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Broken Punishment Networks in Public Goods Games: Experimental Evidence

  • Andrweas Leibbrandt

    ()

    (Department of Economics, Monash University, Australia)

  • Abhijit Ramalingam

    (School of Economics and Centre for Behavioural and Experimental Social Science, and University of East Anglia, Norwich, United Kingdom)

  • Lauri Sääksvuori

    (Strategic Interaction Group, Max Planck Institute of Economics, Jena, Germany)

  • James M. Walker

    (Department of Economics and Workshop in Political Theory and Policy Analysis, Indiana University, United States)

Abundant evidence suggests that high levels of contributions to public goods can be sustained through self-governed monitoring and sanctions. This experimental study investigates the effectiveness of decentralized sanctioning institutions where punishment opportunities are restricted to agents who are linked through alternative punishment networks. We find that the structure of the punishment network significantly impacts contributions to the public good, but not overall efficiencies. Contributions collapse over decision rounds in groups with limited punishment opportunities, even if the absolute punishment capacity corresponds to the complete punishment network where all agents are allowed to punish each other. However, after allowing for the costs of sanctions, efficiencies are similar across the different networks that allow for punishment and the no-punishment network.

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File URL: http://pubdb.wiwi.uni-jena.de/pdf/wp_2012_004.pdf
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Paper provided by Friedrich-Schiller-University Jena, Max-Planck-Institute of Economics in its series Jena Economic Research Papers with number 2012-004.

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Date of creation: 02 Feb 2012
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Handle: RePEc:jrp:jrpwrp:2012-004
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  1. Ernst Fehr & Simon Gaechter, 1999. "Cooperation and Punishment in Public Goods Experiments," CESifo Working Paper Series 183, CESifo Group Munich.
  2. Jeffrey Carpenter & Shachar Kariv & Andrew Schotter, 2012. "Network architecture, cooperation and punishment in public good experiments," Review of Economic Design, Springer, vol. 16(2), pages 93-118, September.
  3. Olivier Bochet & Talbot Page & Louis Putterman, 2005. "Communication and Punishment in Voluntary Contribution Experiments," Working Papers 2005-09, Brown University, Department of Economics.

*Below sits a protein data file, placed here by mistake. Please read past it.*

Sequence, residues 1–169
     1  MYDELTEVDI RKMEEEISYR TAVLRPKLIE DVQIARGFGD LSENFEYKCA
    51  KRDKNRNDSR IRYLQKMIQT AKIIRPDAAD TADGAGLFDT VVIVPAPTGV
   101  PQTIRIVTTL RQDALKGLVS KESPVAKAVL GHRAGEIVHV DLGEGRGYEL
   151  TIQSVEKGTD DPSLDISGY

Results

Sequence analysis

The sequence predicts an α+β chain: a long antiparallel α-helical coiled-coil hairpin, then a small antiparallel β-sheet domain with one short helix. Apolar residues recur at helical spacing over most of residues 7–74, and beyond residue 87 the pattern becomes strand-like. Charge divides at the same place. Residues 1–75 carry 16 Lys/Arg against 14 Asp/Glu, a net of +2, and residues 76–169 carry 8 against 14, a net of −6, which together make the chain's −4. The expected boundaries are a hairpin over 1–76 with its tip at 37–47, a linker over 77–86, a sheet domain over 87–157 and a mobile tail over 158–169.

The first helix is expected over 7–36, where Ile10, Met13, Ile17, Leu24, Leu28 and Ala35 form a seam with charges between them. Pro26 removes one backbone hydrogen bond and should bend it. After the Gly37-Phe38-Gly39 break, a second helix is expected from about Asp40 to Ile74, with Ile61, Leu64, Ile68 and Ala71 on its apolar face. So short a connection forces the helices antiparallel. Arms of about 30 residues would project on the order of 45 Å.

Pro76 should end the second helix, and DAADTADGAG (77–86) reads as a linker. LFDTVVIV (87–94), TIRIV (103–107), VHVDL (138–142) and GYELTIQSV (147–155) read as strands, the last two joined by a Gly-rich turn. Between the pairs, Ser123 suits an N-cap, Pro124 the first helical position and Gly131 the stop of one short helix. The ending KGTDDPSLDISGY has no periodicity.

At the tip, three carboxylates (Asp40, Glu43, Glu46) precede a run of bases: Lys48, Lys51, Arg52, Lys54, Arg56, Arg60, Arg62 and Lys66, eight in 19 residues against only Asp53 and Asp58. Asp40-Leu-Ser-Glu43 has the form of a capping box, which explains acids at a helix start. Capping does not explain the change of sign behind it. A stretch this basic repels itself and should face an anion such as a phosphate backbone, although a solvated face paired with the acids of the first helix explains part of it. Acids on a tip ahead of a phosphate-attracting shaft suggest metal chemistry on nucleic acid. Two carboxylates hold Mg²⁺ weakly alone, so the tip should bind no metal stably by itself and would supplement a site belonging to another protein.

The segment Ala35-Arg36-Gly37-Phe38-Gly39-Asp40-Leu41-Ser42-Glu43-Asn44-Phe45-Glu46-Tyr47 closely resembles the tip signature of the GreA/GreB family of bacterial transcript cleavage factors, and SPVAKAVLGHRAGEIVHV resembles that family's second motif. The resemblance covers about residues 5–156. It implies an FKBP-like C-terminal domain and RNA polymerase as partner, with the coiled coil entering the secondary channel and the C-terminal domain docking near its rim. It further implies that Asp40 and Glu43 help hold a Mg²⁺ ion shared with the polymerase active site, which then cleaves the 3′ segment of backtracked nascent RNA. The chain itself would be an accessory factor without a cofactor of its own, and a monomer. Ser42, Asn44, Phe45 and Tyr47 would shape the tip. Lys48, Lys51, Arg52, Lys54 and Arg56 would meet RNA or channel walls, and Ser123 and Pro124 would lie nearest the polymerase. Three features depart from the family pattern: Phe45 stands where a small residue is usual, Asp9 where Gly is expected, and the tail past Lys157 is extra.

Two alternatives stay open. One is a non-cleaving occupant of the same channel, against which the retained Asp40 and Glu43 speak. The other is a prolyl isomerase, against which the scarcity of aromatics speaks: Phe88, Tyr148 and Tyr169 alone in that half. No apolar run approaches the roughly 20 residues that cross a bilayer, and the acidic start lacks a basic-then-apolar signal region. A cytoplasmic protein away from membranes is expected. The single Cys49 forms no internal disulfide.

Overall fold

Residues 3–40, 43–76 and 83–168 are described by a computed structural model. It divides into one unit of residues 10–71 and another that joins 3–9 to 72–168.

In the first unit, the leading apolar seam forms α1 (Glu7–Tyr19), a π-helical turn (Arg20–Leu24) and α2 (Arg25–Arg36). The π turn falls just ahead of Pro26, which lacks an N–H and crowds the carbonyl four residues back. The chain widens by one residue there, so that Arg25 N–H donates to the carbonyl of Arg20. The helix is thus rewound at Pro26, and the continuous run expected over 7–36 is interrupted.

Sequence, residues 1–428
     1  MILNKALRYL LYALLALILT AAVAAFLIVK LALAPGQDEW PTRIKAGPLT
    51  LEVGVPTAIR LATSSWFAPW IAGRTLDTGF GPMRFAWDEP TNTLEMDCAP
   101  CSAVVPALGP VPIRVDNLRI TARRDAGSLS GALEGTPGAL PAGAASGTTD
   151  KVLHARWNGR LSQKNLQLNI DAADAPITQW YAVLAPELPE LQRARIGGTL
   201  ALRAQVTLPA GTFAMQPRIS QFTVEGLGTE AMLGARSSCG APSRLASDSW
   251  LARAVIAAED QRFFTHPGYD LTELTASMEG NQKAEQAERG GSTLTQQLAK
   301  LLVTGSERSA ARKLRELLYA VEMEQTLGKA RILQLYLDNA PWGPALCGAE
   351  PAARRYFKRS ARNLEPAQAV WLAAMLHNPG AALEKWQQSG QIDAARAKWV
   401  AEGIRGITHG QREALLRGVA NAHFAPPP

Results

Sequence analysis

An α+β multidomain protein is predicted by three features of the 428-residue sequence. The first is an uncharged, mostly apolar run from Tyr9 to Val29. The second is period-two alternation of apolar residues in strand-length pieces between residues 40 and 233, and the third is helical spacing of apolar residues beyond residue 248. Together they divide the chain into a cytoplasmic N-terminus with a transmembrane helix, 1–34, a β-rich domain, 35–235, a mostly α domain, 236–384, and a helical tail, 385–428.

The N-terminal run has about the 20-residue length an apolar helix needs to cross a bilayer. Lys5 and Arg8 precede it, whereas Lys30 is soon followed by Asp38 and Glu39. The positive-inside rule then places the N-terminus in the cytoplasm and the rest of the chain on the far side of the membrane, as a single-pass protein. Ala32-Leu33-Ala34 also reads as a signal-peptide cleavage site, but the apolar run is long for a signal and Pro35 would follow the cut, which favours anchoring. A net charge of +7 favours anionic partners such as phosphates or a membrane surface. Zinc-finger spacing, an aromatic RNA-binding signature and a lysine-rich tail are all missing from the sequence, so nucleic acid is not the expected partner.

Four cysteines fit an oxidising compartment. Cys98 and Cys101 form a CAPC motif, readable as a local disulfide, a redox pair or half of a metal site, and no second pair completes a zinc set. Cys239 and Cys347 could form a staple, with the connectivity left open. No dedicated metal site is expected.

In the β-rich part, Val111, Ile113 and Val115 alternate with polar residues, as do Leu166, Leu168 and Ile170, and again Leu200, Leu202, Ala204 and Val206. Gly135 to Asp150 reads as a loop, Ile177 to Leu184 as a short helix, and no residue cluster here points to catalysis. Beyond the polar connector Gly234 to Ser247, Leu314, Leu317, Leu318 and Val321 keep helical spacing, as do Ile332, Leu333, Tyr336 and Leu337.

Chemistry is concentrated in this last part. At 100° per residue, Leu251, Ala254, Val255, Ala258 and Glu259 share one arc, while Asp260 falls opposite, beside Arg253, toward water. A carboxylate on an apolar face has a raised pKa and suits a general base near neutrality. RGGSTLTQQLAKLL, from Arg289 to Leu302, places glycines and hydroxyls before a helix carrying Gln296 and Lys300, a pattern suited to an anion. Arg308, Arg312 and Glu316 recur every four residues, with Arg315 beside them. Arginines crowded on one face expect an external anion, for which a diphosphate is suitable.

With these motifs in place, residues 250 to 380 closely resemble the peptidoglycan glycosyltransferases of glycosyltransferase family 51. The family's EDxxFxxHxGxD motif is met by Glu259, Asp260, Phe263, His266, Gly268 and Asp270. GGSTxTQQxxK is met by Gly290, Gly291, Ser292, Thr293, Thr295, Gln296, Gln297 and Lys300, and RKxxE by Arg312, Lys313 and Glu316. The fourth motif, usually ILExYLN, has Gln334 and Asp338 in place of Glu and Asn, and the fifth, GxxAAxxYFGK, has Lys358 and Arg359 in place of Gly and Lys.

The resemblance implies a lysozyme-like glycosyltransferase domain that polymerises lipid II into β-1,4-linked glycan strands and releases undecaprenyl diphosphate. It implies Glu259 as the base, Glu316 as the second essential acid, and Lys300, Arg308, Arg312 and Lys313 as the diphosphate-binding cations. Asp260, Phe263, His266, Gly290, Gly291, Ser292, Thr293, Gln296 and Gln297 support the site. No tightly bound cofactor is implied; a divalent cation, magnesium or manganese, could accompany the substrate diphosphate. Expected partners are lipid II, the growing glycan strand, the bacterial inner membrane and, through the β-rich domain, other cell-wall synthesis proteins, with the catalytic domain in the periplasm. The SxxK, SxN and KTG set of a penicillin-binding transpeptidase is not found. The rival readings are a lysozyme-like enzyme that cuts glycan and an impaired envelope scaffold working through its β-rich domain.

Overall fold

4. James M. Walker & Matthew A. Halloran, 2004. "Rewards and Sanctions and the Provision of Public Goods in One-Shot Settings," Experimental Economics, Springer, vol. 7(3), pages 235-247, October.
  5. repec:ner:tilbur:urn:nbn:nl:ui:12-377951 is not listed on IDEAS
  6. Enrique Fatas & Miguel Meléndez-Jiménez & Hector Solaz, 2010. "An experimental analysis of team production in networks," Experimental Economics, Springer, vol. 13(4), pages 399-411, December.
  7. Urs Fischbacher, 2007. "z-Tree: Zurich toolbox for ready-made economic experiments," Experimental Economics, Springer, vol. 10(2), pages 171-178, June.
  8. Carpenter, Jeffrey P., 2007. "Punishing free-riders: How group size affects mutual monitoring and the provision of public goods," Games and Economic Behavior, Elsevier, vol. 60(1), pages 31-51, July.
  9. Martin Sefton & Robert Shupp & James M. Walker, 2007. "The Effect Of Rewards And Sanctions In Provision Of Public Goods," Economic Inquiry, Western Economic Association International, vol. 45(4), pages 671-690, October.
  10. Carpenter, Jeffrey P., 2007. "The demand for punishment," Journal of Economic Behavior & Organization, Elsevier, vol. 62(4), pages 522-542, April.
  11. Hoffman, Elizabeth & McCabe, Kevin A & Smith, Vernon L, 1998. "Behavioral Foundations of Reciprocity: Experimental Economics and Evolutionary Psychology," Economic Inquiry, Western Economic Association International, vol. 36(3), pages 335-52, July.
  12. Nikos Nikiforakis, 2010. "Experimental Economics," Australian Economic Review, The University of Melbourne, Melbourne Institute of Applied Economic and Social Research, vol. 43(3), pages 337-345.
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